An XKMS-based application can rely on an XKMS service to resolve the trust in a given key.  This makes it feasible to communicate key information using a lightweight reference or actual key value, eliminating much of the information typically cached by todayís applications. The XKMS service can then use a variety of means to determine the trustworthiness of the key.  For example look-up in a private database or X.509 certificate chain evaluation using a back-end PKIX-style PKI.   This ability to abstract the trust determination mechanism from the exposed service interfaces is a strength of the XKMS Note services.

 

For applications that want to do their own trust evaluation, XKMS still has value.  For instance, it provides a standard means of publishing application public keys so other parties can locate them. It also provide a means of retrieving key values and obtaining real-time status information for a given key, similar in concept to what OCSP[2] provides for a PKIX-style PKI.

 

XKMS also has the potential to support context dependent trust assessment.  This is quite different from existing infrastructures where the usage is defined up front and is immutable.  An XKMS service can be an equal participant with other Web-based applications and services.  Hence, they can work cooperatively in a peer-to-peer relationship, with the relying party defining a usage context and the XKMS service determining trust appropriate for that context.  For example, an application could inquire if an authentication key was valid in the context of a $5 transaction or a $10K transaction.  The answers might be different. This capability raises the possibility of trust services that are adaptive to new applications and usages over time.  This would require extensions to the XKMS Note to accommodate registering keys for specific usages, updating those allowed usages over time, communicating context information between XKMS services and applications, and so forth.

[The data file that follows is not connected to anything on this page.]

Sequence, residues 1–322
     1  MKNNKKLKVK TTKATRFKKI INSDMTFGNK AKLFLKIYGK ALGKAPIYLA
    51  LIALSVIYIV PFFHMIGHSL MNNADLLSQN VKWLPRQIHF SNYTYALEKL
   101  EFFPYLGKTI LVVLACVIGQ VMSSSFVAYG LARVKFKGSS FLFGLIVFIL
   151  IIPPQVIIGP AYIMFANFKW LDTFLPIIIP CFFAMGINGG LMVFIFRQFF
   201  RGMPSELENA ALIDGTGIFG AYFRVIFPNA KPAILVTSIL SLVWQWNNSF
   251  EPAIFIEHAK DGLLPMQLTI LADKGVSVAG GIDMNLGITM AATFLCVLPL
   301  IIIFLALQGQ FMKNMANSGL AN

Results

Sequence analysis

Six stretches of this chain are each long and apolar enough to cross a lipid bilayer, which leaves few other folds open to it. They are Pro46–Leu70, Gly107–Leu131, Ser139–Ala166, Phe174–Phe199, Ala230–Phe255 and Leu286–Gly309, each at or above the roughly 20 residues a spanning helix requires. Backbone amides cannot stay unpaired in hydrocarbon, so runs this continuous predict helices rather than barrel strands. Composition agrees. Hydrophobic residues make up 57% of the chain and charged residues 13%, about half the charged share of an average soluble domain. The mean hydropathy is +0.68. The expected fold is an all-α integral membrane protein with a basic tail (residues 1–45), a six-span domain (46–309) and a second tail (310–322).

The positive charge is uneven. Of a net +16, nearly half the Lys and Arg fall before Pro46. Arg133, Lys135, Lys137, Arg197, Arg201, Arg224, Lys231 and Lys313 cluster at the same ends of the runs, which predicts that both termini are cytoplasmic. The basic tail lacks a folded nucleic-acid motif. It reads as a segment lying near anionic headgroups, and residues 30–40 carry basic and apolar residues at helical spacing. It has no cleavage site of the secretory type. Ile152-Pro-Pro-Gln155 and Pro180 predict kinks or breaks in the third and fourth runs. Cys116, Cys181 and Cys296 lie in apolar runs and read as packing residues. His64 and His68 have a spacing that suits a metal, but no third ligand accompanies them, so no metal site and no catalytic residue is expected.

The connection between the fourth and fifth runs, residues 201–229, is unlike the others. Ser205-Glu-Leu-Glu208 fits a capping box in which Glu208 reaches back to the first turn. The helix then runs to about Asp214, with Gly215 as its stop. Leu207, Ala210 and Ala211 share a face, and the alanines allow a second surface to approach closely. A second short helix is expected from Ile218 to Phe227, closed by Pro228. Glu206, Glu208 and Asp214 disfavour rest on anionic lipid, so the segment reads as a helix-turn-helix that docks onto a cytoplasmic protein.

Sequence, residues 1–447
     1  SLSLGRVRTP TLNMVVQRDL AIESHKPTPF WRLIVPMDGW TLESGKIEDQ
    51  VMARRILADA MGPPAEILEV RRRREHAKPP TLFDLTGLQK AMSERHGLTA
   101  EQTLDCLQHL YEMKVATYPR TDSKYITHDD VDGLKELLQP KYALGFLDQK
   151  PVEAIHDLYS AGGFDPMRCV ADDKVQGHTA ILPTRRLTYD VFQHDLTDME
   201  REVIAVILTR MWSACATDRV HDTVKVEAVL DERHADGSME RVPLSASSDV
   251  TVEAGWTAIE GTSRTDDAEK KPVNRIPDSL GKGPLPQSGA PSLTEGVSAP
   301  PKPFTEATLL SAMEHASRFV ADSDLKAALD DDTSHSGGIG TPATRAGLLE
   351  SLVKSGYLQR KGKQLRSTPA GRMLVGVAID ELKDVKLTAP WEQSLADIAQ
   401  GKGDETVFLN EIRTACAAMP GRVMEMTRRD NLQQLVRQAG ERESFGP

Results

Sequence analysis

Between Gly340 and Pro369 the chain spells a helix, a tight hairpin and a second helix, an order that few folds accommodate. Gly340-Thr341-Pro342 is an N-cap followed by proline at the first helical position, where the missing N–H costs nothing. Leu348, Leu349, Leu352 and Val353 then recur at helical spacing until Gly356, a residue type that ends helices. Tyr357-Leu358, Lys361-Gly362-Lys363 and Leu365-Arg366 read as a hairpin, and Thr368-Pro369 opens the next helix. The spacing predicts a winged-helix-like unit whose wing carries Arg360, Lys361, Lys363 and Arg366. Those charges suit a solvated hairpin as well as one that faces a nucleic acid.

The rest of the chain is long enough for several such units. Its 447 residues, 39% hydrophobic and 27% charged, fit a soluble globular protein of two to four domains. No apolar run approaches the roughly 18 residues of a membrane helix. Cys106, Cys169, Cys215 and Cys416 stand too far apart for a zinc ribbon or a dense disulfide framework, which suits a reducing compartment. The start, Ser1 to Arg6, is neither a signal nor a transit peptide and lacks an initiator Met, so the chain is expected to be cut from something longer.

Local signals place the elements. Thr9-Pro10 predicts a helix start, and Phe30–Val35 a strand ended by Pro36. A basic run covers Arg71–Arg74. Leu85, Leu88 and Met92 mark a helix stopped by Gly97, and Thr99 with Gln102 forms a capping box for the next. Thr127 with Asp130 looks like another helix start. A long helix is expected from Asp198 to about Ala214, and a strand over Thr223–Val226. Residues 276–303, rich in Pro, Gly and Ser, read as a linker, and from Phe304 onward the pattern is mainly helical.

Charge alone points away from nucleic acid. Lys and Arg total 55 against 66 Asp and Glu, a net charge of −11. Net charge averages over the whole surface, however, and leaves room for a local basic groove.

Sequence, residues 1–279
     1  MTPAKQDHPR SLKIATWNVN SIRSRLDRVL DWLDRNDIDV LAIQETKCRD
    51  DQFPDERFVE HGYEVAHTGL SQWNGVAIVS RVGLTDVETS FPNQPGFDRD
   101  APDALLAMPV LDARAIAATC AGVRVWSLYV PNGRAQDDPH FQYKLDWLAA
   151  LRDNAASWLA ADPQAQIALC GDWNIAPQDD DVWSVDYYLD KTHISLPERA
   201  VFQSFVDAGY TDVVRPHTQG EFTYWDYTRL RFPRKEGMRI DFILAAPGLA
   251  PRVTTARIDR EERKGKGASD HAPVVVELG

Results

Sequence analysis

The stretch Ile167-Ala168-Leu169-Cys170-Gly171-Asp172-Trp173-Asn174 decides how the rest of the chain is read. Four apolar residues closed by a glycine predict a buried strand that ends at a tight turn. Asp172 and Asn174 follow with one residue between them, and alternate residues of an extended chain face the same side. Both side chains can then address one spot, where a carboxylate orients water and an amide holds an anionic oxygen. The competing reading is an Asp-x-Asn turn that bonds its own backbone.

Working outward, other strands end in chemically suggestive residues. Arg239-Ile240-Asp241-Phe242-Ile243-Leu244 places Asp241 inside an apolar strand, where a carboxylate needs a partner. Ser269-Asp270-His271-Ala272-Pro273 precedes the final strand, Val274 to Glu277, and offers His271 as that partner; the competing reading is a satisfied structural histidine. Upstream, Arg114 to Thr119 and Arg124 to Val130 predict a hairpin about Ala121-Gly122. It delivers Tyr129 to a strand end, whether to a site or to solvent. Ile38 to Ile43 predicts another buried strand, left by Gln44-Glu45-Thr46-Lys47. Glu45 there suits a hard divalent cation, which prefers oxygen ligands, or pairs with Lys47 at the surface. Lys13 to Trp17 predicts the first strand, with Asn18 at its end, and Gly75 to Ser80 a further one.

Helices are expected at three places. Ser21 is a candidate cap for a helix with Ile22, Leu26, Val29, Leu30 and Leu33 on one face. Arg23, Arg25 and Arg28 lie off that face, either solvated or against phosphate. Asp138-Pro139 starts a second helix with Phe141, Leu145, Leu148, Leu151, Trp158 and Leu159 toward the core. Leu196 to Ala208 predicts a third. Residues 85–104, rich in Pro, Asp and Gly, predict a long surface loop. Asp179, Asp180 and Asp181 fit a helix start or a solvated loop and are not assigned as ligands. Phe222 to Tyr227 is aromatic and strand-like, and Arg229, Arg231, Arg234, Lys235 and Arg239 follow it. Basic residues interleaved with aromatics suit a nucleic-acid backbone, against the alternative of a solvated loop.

In summary, the existing XKMS Note is a great starting point for incorporating key management and trust services into world envisioned by the .NET initiative, but, itís only a starting point.  It is hoped the XKMS Workshop will generate broad based interest in establishing a W3C standards effort in this area.  This would bring the requisite industry experience to bear in evaluating the richness, robustness and flexibility required of such services and specifying these in a standard XML-based service definition. It is also hoped such a effort will look at possible extensions to the services defined in the XKMS Note, such as context dependent trust assessment and adaptive behaviors mentioned earlier.  It would be most beneficial to the industry if these were defined as part of an integrated set of trust management services.  This effort should, of course, be coordinated with other on-going and emerging web service related W3C activities.

 

REFERENCES

 

[1] IETF Working Group, IP Security Protocol (IPSEC). Multiple specifications including RFCs 1828, 1829, 2104, 2085, 2401, 2410, 2411, 2402, 2412, 2451, 2403, 2404, 2405, 2406, 2407, 2408, 2409, and 2857.

[2] X.509 Internet Public Key Infrastructure Online Certificate Status Protocol - OCSP (RFC 2560)

[3] IETF Working Group, An Open Specification for Pretty Good Privacy (openPGP).  Multiple specifications including RFC 2440.

[4] IETF Working Group, Public Key Infrastructure (X.509) (pkix).  Multiple specifications including RFCs 2459, 2510, 2511, 2527, 2528, 2559, 2585, 2587, 2560, 2797, 2875, 3039, and 3029.

[5] ITU X.680, Abstract Syntax Notation One (ASN.1): Specification of Base Notation, Dec 97.

[6] PKCS #7 - Cryptographic Message Syntax Standard,v1.5, RSA Security, 10 Nov 93.

[7] Simple Object Access Protocol (SOAP) 1.1, W3C Note 08 May 2000

[8] The TLS Protocol Version 1.0. T. Dierks, C. Allen. January 1999. (RFC 2246 )

[9] Web Services Description Language (WSDL) 1.1, W3C Note 15 March 2001

[10] XML Key Management Specification (XKMS) W3C Note 30 March 2001

[11] XML-Signature Syntax and Processing. D. Eastlake, J. Reagle, D. Solo. March 2001. (RFC 3075)

[12] W3C XML Encryption Working Group